In my ongoing and relentless research into modern, or what I call Stone Oregon, history, I often bump against people that qualify as so quintessentially Oregon that I feel compelled to exalt them.
Someone like the bad ass distance runner Steve Prefontaine, the greatest Oregon athlete of all time. Someone like Tom McCall, the maverick former Governor, the greatest Oregon politician of all time. And of course, Ken Kesey, the greatest Oregon writer of all time.
But what about the individuals who comprised the greatest Oregon rock band of all time? And by defining the greatest band, I mean, what band whose members were born and raised in Oregon rocked out with the most verve and Oregon-inspired originality?
Their names are John Moen, Jeremy Wilson, Eric Lovre, and Jim Talstraand and they were — or should I say, are — the Dharma Bums.
In late 1986, three lads from Silverton and one from Keizer, then living in Portland, formed the Dharma Bums. By the time they ended their spectacular run in 1992, I had seen them perform approximately 40 shows and played their three records an unknown but absurd amount of times.
The lineup was: Jeremy Wilson, lead singer and guitar; Eric Lovre, lead guitar; Jim Talstra, bass — all graduates of Silverton High School; and John Moen, drums, McNary High School. Despite their youth, all four had previous band experience in the Salem area and cut their rock and roll teeth by playing parties, taverns, and community halls.
By 1988 the Bums released their first album, Haywire, on Frontier Records. Soon they attracted a cult following because of their incendiary live shows and relentless touring that totaled 250 gigs a year. When the band's second album, Bliss, came out in 1990, the word in regional rock circles was that the Bums were the rock act to see in the Pacific Northwest. And I would know because I helped spread the word.
The Bums toured America four times, did a European leg, earned critical acclaim, sold a lot of records, got a video played on MTV, and had the major labels sniffing around. Then, in 1992, just as the Seattle Sound exploded, the band released their third album, Welcome, and broke up.
What did they sound like? Well, dig up their CDs and judge for yourself, but I would characterize their sound as pure Stone Oregon: organic, fresh, determined, twangy, progressively manic, and unpretentiously poignant. I claim about a dozen favorite songs, but "Aces" off Welcome might be the best rock love song about finding the right partner that mainstream America should have heard on the radio. One day, if I ever get married again, I plan on playing it at my wedding. It's that good.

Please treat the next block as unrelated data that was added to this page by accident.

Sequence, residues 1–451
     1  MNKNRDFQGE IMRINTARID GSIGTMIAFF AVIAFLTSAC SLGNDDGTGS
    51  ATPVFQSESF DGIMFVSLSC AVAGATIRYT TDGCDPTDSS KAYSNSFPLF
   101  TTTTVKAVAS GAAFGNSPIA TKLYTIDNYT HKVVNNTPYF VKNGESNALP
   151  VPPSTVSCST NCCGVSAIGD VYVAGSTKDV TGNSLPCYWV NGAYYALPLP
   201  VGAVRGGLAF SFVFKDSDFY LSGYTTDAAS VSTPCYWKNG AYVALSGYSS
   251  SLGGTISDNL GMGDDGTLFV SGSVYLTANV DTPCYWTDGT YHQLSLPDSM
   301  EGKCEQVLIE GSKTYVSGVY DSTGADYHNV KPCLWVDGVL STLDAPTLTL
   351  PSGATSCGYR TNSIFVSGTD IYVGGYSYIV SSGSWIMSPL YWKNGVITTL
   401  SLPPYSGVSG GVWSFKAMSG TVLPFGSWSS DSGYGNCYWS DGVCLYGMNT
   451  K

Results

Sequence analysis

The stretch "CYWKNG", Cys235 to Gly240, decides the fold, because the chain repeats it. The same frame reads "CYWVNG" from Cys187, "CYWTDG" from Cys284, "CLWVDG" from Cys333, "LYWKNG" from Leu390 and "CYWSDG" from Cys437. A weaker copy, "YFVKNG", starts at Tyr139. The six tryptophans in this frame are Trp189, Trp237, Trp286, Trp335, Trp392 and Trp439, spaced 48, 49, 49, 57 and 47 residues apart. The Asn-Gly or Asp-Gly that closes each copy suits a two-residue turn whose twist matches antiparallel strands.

I will never forget the last gig I saw the Bums play, their last gig, under the Hawthorne Bridge in Portland, with the Willamette River flowing behind the stage. I didn't know it at the time, but it marked the perfect dénouement for a band whose members often drew upon their rural Willamette Valley upbringing as inspiration for their music. In fact, Bliss, widely regarded as the Bums best album (and my favorite), was recorded in the Silverton Grange Hall.
In 1990, the late great Seattle rock magazine The Rocket profiled the Dharma Bums to mark the release of Bliss. The critic wrote:
Somewhere out in Oregon, in the middle of a hayfield, in the middle of nowhere, is an old wooden Grange hall.... As you draw closer to this drab unassuming structure, you hear the sound. This is not a make-believe music video set, it is the very real place the Dharma Bums recorded their second album, Bliss...the record to show the world that Oregon is a place where the music is as rooted in its people as it is in the land.
I couldn't have said it better myself. And I wonder if I still followed Oregon indie rock and roll with the same fervor I exhibited in the Bums' heyday that I'd find a home grown Oregon band that played music, "as rooted in its people as it is in the land." Doubtful, but I am willing to have people turn me on to any group that at least tries.
The Dharma Bums never hit the big time, but all of them are still living in the Willamette Valley, still making great music, and making a living in the music business without selling their souls to do it. Really, all four of them helped sow the seeds that later grew Portland into the indie rock capital of the country. Over the years I've run across members of the band and begged for a reunion concert and a chance to hear old live shows and lost nuggets on CD. The Bums played a short, almost impromptu gig in Portland in 2008 that I didn't hear about until later and I was very, very upset.
But at long last the Stone Oregon gods have smiled my way on the matter of a Dharma Bums reunion. On Saturday, February 20, at the Crystal Ballroom in Portland, the greatest Oregon rock band of all time will perform in a quintessential Oregon venue is there ever was one. If you miss this gig, you can't call yourself a hard core Oregonian.
I've even heard the band might play some new songs.